I've written previously about the idea that most definitions are centers, not borders. In brief: we often get ourselves into semantic, legal, and ethical tangles by pretending definitions specify a conceptual boundary into which a thing either does or does not fit, but while this works in some places, it often doesn't work and causes problems.
Is this a car? When the choice is between a Toyota Corolla and a bicycle, the question is clear; but there are plenty of other things that lie on the borders, like a partially disassembled car, a Terrafugia Transition, an El Camino, a Trev, etc. Even the legal definitions that are promulgated by DMVs and state legislatures often fail as advances in technology create new things that the old definitions didn't account for (sometimes as an intentional attempt to sidestep legal limitations: many "smart cars" are three-wheelers for no other reason besides avoiding some of the safety requirements on cars in state laws).
In most cases, we would be better served by assuming definitions are of centers rather than borders. There's a center of the concept of a car that can be typified by something like, say, a Toyota Corolla; and the nearer something is to that, that is, the more like it that the thing is, the more we can call it a car. The point is there is no single, widely agreed upon demarcation at which things stop being cars. While we might still disagree about what is at the center, and where we stop using the word, the concept of dealing with definitions this way saves us from falling into the trap of imagining that there is, or even that there should be, agreement about these things. If your concept of "car" has its center on the Pontiac Mustang, that might differ from the person whose center is the Toyota Corolla, but not enough to cause the kind of intractable disagreements that tend to grow out of definition-based debates (like the abortion debate).
This point is central (no pun intended) to the debates about taxonomy, and crops up in the schism between cladists (who strive to make taxonomy reflect evolutionary heritage directly) and other taxonomical approaches, as well as in the splinters amongst cladists. A recent discussion about the innocuous subject of the song "Sing Sing Sing" on my Facebook page made me realize that the taxonomy of musical styles has the same considerations -- you could even argue about structural versus cladistic taxonomy (because parallel evolutions into similar styles maybe should or maybe shouldn't be grouped together). Though with music you have a big problem that biological taxonomists don't have: cross-breeding between cladistically distant parts of the taxonomy is not only common in music, it very commonly creates new forms, so you couldn't make a tree, but only a tangled, unhelpful web, if you insisted on staying cladistic.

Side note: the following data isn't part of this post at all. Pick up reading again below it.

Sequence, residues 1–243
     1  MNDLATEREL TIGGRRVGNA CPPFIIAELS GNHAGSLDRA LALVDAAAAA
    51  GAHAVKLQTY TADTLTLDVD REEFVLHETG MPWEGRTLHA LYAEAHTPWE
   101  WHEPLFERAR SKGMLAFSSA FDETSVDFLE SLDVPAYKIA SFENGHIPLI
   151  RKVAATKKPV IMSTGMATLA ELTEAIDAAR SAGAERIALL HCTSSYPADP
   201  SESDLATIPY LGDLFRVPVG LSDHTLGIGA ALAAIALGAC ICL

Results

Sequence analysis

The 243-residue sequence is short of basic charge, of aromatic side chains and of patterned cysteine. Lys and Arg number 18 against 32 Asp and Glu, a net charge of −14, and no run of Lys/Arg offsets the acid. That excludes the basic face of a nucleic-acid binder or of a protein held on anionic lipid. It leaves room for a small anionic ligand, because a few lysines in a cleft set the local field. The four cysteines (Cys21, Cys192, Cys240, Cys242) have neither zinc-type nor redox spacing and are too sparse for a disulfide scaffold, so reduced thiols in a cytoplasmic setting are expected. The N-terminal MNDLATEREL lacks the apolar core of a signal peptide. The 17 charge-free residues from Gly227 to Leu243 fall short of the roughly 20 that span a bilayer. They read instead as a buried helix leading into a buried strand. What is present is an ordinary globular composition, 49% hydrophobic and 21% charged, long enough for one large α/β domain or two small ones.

There's a temptation, which one of the posters flirts with, to abandon the value of taxonomy entirely, but this is mostly based on the standard problem of definitions being centers but treated as borders. You can't ever make a border-based definition of what constitutes "classic rock" or "boogie woogie" that is immune to the problem of people disagreeing about whether this band or that song fits into it, because the whole approach, of defining based on borders, is flawed. However, you can certainly make a list of ten songs such that almost anyone would agree that all ten are definitely classic rock, and definitely sit near the center of what classic rock means, and thus convey accurately and usefully a definition of classic rock that isn't plagued by controversy since it doesn't focus its attention on the areas of contention.
So R&B can be divided up into its many children (whether cladistic or structural), and somewhere in that big mess of styles you will find "big band swing", which (I posited) has its center on the song "Sing Sing Sing" (I further suggested Louis Prima's performance, though a strong case has also been made for Benny Goodman's performance at Carnegie Hall). Somewhere nearby stands "boogie woogie", but I didn't agree that the Andrews Sisters singing "Boogie Woogie Bugle Boy" can be its center because boogie woogie is too big a category; "Bugle Boy" is definitely the center of one of its subdivisions, but boogie woogie seems to me to include a few styles too dissimilar to that song for it to represent them, such as some ragtime and barrelhouse music. I'm not sure what the name is for the style that that song does typify, though it's clearly at the point of intersection between boogie woogie and swing.
That's not incidental, though. That's the whole point. There's a definite style that you could identify which can be best defined by its similarity to "Boogie Woogie Bugle Boy" but which may or may not have a widely accepted name. The fact that it has a definitive center, a Platonic ideal, demonstrates that it does exist conceptually as a category. More importantly, the value of categorization itself is not limited by the fuzziness of the borders -- you just have to stop focusing on the borders.
(The question of whether naming, or as it's usually called pejoratively, "labelling," things, is inherently a destructive or limiting act, is a whole other philosophical subject about which I have written and will no doubt write again.)